Principle of flow cytometry
The principle of flow cytometry is based on evaluating optical and fluorescence expressions from single cells. The powerful tool can simultaneously detect and measure physical and chemical characteristics of a population of cells. Physical characteristics, including size by forward scatter and internal complexity by side scatter, can analyze different cell populations. Chemical properties, such as fluorescent dyes, can interact with different cellular components, and fluorochrome-labeled antibodies make it possible to simultaneously detect multiple proteins on cell membranes or inside cells.
By Dave et al., under comparing the flow cytometry and LTA, flow cytometry had excellent agreement with LTA (sensitivity: 94.1% and specificity: 98.5%). Flow cytometry could be used in thrombocytopenic patients. Another study was published by Saraymen et al. Flow cytometric analysis with GPs was used in the diagnosis of Glanzmann's thrombasthenia. Flow cytometry is the most sensitive method.
Glycoprotein IIb/IIIa and P-selectin
The human platelet membrane GPIIb/IIIa (integrin αIIbβ3) complex is a significant protein on platelet membrane. The widely expressed membrane protein has been described to have around 80,000 copies existing on the surface of unstimulated platelets in circulation. The GPIIb/IIIa binding motifs is able to bind adhesive proteins by recognizing the peptide sequence arginine–glycine–aspartic acid known to be present in fibronectin, thrombospondin, vWF, vitronectin, and fibrinogen. When platelets are stimulated by different agonists, the activated form of GPIIb/IIIa undergoes a conformational change that exhibits high affinity for binding plasma fibrinogen. This explains platelet GPIIb/IIIa function in normal hemostasis, pathological thrombosis, and its important tribute.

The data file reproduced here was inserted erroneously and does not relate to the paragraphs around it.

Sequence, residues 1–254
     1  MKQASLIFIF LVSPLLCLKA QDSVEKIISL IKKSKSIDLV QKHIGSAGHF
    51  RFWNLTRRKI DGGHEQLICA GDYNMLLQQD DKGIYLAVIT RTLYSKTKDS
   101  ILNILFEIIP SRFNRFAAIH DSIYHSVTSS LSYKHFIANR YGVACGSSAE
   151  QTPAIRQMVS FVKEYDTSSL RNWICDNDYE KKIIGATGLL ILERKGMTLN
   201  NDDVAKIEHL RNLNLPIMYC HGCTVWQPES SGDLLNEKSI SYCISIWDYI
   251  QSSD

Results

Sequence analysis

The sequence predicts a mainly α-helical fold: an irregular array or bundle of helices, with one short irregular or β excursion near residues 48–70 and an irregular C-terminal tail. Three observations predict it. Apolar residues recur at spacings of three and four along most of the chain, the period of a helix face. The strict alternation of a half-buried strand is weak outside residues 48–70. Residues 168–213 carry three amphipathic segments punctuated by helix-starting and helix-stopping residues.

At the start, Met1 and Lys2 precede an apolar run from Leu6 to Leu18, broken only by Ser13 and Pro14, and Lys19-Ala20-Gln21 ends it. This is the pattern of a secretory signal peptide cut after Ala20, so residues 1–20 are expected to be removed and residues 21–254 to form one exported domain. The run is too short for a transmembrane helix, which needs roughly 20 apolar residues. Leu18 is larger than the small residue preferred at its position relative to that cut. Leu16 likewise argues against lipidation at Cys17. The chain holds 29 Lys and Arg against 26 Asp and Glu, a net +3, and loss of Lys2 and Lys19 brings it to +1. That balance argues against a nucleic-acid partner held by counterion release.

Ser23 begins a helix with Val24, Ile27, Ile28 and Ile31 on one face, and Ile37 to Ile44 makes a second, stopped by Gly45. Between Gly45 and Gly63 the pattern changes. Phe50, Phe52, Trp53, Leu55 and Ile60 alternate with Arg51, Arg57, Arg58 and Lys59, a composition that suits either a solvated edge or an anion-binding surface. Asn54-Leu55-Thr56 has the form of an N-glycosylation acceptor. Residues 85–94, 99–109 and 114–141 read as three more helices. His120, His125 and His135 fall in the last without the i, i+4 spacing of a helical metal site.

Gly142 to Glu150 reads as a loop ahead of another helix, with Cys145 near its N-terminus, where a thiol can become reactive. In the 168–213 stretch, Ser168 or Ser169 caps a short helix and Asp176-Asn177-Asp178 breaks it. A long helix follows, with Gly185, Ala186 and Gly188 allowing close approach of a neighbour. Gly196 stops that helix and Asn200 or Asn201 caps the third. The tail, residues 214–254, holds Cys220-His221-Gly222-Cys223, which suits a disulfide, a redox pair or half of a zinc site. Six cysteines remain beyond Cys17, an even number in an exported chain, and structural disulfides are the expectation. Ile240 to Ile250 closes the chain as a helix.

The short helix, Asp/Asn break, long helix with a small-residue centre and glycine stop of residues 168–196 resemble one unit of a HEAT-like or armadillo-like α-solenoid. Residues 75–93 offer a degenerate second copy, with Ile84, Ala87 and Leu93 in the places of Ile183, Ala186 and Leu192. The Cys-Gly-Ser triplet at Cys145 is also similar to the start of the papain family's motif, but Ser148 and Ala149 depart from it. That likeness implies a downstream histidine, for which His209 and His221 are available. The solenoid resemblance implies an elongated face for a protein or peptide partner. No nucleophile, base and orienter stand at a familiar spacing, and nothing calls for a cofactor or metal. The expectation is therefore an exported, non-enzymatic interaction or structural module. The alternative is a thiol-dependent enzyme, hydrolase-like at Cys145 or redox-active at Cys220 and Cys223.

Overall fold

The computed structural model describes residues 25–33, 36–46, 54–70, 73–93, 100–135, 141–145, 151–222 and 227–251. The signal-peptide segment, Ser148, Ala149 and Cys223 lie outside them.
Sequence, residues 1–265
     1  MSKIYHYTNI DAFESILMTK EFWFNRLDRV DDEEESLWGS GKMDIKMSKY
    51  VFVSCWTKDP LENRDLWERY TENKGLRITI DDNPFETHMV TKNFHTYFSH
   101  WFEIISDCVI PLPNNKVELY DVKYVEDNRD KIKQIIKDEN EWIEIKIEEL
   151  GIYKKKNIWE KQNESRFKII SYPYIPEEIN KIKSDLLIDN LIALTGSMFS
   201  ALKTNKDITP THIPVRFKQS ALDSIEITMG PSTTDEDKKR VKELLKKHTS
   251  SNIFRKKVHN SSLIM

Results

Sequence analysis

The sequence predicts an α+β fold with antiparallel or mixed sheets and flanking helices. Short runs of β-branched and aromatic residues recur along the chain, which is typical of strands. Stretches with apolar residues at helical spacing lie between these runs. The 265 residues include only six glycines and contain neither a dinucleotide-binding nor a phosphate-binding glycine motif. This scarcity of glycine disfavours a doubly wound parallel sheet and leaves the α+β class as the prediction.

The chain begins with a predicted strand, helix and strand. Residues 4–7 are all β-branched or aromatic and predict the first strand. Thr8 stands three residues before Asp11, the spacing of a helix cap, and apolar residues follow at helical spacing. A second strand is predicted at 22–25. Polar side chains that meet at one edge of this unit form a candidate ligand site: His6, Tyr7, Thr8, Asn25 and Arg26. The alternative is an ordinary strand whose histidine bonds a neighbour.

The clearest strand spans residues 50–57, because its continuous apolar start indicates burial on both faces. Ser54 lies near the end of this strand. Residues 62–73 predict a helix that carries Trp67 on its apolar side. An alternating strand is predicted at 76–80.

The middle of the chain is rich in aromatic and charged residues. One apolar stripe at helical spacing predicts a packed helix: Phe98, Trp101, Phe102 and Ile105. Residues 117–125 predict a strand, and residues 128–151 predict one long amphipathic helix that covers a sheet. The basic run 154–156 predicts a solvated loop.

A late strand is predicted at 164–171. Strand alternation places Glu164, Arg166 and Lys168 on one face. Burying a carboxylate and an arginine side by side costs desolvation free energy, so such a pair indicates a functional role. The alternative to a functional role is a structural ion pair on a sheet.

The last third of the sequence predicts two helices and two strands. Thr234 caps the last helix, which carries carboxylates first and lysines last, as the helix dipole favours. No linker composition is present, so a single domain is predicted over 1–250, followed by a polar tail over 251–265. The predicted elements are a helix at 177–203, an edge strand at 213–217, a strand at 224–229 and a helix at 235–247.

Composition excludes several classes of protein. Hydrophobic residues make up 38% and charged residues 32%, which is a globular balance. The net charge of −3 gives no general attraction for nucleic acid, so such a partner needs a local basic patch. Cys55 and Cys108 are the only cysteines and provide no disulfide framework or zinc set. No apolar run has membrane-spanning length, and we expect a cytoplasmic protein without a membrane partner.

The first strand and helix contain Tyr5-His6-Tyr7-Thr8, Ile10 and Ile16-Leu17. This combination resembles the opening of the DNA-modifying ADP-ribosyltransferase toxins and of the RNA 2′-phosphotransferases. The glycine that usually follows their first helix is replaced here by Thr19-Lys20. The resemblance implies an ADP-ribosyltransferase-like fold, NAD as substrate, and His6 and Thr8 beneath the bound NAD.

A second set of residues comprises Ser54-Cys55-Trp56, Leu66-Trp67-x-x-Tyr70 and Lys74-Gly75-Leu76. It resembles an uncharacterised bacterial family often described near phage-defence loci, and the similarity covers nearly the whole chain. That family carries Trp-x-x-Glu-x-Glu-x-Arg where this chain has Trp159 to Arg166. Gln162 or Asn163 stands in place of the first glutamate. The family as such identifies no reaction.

P-selectin, also named as CD62p, is a surface protein only expressed on the membrane of activated platelets. When platelet was activated, P-selectin is mobilized from intracellular granules to the external plasma membrane, after which fibrinogen aggregates adjacent platelets by bridging GPIIb/IIIa. P-selectin on circulating activated platelets is necessary to recruiting monocytes, neutrophils, and natural killer cells, as well as driving immune cells to thrombi and inducing fibrin production during hemostasis.
The agonists usually used to activate platelets in flow cytometry include thrombin or synthetic thrombin receptor agonist peptide (TRAP) and ADP. ADP and its analogs bind to purinergic P2 receptors on platelets. Platelets express three types of receptors, P2X1, P2Y1, and P2Y12. Platelets that possess P2Y1 and P2Y12 are required for full activation and aggregation in response to ADP. After complex signal cascade processes, platelets tend to activate and aggregate.